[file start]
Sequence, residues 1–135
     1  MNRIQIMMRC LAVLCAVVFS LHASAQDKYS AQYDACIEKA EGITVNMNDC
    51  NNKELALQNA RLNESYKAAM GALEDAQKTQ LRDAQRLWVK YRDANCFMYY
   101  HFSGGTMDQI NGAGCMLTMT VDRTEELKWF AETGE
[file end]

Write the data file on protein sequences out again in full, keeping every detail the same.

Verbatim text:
Sequence, residues 1–135
     1  MNRIQIMMRC LAVLCAVVFS LHASAQDKYS AQYDACIEKA EGITVNMNDC
    51  NNKELALQNA RLNESYKAAM GALEDAQKTQ LRDAQRLWVK YRDANCFMYY
   101  HFSGGTMDQI NGAGCMLTMT VDRTEELKWF AETGE